Further more, Atlanta Campaign (as I came to see it; although I'm no expert) was entirely depended on the roads as you said, or even better the lack of the roads... With railroad as the prime means of transportation of that time roads were usually in second plan. When studying the Sherman's Campaign in the South, you will never come across the info such as: Sherman used that road and moved all of his troops along it... in the south it was nearly impossible... now, I don't want to argue with you and I do admit that road was essential for any army, but roads (defined as: An open, generally public way for the passage of vehicles, people, and animals. and in engineering terms: an open way, usually surfaced with tarmac or concrete, providing passage from one place to another) were actually narrower paths which often didn't connect to each other... Also, ofc, that cities like Atlanta had some degree of roads developed arround them... But the question is how far did it go? It certainly didn't go through entire state of Georgia and I can bet that beside the city of Atlanta, only a handful of surrounding counties were effectively connected to the city.
Here you can see how the roads looked during the battle of Atlanta (and I'm sure you did that already) and you will notice few things:
a) many of the roads finish as dead ends
b) there is no info how wide or useful they actually were
so I see no point of arguing that allowing the CS to build only first tier of Roads (Basic Roads) isn't historically accurate... as you said yourself, there were no paved roads in the south... so why demand them if they weren't present historically?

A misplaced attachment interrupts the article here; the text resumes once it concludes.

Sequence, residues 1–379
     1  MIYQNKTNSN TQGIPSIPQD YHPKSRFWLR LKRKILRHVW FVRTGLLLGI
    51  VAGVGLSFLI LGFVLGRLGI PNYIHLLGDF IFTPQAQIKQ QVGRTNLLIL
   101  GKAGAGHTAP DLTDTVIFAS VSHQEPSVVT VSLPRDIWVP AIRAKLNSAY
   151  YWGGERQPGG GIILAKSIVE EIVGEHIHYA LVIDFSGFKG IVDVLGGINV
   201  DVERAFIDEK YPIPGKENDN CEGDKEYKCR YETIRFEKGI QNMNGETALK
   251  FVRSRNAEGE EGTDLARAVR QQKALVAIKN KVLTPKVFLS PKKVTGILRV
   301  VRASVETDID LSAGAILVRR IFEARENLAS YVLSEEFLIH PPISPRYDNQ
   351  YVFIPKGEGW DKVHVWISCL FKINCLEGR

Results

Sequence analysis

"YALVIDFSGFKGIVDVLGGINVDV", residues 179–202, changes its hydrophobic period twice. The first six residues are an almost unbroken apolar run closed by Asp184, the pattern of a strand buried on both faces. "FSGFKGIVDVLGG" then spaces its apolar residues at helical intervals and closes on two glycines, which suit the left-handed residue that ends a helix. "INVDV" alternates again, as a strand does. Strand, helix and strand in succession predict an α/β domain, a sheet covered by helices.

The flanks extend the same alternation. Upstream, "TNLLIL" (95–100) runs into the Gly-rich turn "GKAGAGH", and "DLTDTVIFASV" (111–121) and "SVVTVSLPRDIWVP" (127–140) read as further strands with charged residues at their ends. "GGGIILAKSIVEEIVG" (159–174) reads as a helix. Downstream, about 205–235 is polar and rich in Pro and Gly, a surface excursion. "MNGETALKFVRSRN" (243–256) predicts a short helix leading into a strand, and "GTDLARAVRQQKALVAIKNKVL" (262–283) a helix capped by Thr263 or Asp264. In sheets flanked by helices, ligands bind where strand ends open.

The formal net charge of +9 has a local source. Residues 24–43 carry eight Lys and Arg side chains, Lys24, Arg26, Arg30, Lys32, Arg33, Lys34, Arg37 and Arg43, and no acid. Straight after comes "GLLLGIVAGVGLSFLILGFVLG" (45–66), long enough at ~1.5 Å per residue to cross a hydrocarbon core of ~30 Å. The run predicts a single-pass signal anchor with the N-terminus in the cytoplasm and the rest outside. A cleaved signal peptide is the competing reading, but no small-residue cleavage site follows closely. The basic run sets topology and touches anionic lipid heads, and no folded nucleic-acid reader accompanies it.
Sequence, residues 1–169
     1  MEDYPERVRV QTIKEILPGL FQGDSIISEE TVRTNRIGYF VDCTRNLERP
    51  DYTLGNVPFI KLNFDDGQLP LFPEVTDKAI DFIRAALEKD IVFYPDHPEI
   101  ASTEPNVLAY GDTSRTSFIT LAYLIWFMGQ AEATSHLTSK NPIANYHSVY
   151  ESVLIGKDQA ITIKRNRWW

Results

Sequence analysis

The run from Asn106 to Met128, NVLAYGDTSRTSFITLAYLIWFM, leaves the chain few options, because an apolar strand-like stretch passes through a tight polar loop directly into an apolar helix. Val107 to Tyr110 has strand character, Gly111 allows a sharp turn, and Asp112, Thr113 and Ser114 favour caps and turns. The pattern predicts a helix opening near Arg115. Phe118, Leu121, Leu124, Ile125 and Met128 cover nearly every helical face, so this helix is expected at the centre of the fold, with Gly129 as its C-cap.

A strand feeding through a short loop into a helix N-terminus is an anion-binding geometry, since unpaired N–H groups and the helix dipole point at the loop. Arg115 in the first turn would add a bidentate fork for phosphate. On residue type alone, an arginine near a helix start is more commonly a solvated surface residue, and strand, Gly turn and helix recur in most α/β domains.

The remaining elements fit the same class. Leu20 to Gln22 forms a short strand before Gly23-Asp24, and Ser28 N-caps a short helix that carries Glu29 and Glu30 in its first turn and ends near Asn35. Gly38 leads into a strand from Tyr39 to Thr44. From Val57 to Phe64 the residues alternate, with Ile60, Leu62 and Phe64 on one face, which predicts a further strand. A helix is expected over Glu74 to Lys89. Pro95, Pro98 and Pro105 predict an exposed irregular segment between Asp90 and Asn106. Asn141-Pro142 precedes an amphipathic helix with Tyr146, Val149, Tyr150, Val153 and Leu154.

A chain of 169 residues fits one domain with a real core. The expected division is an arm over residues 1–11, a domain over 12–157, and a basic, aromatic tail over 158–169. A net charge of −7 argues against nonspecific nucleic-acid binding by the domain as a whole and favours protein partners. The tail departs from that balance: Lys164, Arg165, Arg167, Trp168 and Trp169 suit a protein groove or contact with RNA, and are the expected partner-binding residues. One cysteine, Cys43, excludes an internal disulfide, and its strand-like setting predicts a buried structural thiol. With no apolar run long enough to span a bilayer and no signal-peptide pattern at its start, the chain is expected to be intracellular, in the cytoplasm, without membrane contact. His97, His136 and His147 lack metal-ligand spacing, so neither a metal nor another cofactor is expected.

This is a "sunken road" at Antietam... and that is in Washington County, Sharpsburg, Maryland. This is a road in the North, and not in the South... it could hardly be called a road by any engineering standards, don't you agree? so, nothing above paths and only basic roads is historically acceptable for the South... don't you think so also?
this is my original post on the subject:
see the colored and bolded part? notice the word ...were rare..? I never said they didn't exist, I just said that it wasn't the case of all the planters having plantations like that... these were very rare. Most of the South's planters owned few more than 12 slaves (limit required to achieve a status of a planter) and they were usually working their necks off on the field with their slaves. But, the fact remains, that we will not change the building levels of plantation because in the game they represent the plantation output of entire region (or a state) and not individual planters...plantations like Tara (from Gone with a Wind) or from North&South series were rare. There were under 200 planters in entire South who owned more than 100 slaves. To be a planter you needed to own at least 12 slaves, and those were hardly plantations we have in our mind when thinking about South. They had streets in the cities ofc, but there were no roads as we know them today or that were in use in the North in the same period. It was mostly horseback and coach (bumpy ride) and on foot...